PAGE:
IntelliTec College in Colorado Springs
2315 E Pikes Peak Ave, Colorado Springs, CO 80909, United States
Emily Griffith Technical College Trades Campus
1205 Osage St, Denver, CO 80203, United States
Pickens Technical College
500 Airport Blvd, Aurora, CO 80011, United States
NJC Welding
318 Verde Ave, Sterling, CO 80751, United States
Pikes Peak Community College
5675 S Academy Blvd, Colorado Springs, CO 80906, United States
Warren Tech Central
13300 W 2nd Pl, Lakewood, CO 80228, United States
Community College of Denver's Advanced Manufacturing Center
2570 31st St, Denver, CO 80216, United States
Bollman Technical Education Center
9451 Washington St, Thornton, CO 80229, United States
Northeastern Junior College
100 College Ave, Sterling, CO 80751
Front Range Community College - Larimer Campus
4616 S Shields St, Fort Collins, CO 80526
Environmental Training Center Red Rocks Community College
Fox Run, Lakewood, CO 80228
Western Colorado Community College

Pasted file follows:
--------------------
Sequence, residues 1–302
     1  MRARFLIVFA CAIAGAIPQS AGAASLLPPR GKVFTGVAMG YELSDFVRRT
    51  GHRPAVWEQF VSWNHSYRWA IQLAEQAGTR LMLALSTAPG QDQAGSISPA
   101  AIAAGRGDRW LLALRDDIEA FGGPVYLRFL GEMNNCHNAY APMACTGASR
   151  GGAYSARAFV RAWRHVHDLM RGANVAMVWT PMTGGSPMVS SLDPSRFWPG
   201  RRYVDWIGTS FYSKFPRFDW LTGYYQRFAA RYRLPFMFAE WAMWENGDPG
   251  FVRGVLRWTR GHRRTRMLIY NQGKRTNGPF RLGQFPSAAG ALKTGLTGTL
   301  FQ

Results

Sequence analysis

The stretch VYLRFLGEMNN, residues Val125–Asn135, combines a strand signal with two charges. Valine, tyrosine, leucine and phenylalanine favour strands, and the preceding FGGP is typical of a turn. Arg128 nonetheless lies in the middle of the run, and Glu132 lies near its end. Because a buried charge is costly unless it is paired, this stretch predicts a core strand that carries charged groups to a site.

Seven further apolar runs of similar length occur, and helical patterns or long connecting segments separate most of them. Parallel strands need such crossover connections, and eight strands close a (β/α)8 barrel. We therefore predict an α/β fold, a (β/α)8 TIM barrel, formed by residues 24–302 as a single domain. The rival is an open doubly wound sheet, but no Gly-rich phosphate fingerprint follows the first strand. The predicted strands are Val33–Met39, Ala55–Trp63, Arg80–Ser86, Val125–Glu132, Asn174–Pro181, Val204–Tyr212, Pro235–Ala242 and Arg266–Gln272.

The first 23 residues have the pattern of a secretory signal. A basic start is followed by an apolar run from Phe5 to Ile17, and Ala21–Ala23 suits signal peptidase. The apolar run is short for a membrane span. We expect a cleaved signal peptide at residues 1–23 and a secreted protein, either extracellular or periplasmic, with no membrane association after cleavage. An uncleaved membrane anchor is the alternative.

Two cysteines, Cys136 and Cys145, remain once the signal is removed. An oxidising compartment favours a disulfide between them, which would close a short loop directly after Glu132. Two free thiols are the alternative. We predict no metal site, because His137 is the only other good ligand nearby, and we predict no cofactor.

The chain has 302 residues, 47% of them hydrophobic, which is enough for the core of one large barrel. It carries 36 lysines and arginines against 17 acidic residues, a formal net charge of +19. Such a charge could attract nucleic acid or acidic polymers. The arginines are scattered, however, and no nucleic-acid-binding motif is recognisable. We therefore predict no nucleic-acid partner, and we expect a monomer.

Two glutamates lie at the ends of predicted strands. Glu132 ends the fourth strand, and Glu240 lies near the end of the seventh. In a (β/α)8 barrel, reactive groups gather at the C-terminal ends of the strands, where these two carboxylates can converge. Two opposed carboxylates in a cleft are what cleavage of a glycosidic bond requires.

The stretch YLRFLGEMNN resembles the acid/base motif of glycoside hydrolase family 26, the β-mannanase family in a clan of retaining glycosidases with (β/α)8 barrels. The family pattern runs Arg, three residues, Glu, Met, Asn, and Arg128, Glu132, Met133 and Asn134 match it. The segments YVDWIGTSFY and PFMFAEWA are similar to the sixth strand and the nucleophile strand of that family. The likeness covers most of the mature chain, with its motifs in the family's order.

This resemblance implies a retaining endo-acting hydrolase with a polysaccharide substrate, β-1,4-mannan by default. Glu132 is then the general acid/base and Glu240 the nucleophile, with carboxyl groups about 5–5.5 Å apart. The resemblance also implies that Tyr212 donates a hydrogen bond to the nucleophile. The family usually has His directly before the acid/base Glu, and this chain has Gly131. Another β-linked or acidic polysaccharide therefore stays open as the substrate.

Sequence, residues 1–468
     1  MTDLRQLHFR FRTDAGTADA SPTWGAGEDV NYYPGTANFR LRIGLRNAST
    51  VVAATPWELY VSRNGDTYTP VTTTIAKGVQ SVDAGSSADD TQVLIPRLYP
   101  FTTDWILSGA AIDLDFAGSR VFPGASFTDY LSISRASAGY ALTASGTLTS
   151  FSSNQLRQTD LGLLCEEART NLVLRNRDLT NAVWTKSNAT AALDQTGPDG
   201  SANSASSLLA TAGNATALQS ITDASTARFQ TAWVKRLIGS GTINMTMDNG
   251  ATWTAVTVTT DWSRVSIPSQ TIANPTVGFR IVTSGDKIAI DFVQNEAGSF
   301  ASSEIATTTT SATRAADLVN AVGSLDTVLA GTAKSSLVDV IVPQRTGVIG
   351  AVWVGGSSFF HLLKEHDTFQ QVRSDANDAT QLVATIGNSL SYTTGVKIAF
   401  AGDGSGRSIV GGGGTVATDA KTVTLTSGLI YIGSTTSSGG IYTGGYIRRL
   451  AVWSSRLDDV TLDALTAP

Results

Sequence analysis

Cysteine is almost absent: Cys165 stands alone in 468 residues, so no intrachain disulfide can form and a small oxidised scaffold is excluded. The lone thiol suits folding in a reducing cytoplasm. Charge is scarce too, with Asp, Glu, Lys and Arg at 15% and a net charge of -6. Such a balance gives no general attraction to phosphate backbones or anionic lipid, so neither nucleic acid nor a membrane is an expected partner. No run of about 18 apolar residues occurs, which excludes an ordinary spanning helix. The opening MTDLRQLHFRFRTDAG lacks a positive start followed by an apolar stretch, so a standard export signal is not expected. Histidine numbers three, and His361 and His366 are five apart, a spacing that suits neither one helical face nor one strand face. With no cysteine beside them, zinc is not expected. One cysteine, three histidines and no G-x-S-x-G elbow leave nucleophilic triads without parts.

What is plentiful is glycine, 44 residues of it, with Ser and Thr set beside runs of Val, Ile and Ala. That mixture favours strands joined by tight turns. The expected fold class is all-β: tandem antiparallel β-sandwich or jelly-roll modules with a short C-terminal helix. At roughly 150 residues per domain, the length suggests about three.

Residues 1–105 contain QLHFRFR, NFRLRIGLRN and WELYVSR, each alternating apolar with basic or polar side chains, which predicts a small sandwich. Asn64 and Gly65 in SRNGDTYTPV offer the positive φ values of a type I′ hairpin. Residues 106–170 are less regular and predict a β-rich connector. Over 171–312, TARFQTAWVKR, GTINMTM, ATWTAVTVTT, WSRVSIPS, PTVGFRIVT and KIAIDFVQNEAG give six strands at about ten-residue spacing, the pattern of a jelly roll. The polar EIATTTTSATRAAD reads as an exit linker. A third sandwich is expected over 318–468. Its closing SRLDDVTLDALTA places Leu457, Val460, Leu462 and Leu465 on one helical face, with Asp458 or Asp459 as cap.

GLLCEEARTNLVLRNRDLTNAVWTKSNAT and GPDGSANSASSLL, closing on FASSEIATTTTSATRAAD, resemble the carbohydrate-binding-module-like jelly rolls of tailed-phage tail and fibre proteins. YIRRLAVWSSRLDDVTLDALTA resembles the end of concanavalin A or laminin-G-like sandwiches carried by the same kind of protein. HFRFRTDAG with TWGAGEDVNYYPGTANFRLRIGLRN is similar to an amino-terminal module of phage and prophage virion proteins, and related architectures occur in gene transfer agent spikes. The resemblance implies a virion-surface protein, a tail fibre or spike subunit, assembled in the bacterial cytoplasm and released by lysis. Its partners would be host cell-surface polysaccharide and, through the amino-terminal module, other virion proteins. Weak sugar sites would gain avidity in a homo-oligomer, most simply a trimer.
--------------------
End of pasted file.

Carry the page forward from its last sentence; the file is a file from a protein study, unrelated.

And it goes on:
2508 Blichmann Ave, Grand Junction, CO 81505
Pueblo Community College
900 W Orman Ave, Pueblo, CO 81004
Aims Community College
5401 20th St, Greeley, CO 80634
Community College Of Denver
800 Curtis Street, Denver, CO 80204
Red Rocks Community College Arvada Campus
10280 W 55th Ave, Arvada, CO 80002
Front Range Community College
3645 W. 112th Ave. Westminster, CO 80031
Become a Welder, Find a School >

Step 3: On-the-job training

After getting your first entry-level job you will also undergo a period of on-the-job training that will prepare you for the specific tasks that you have to complete.

The on-the-job training period usually lasts several months.

Step 4: Becoming Certified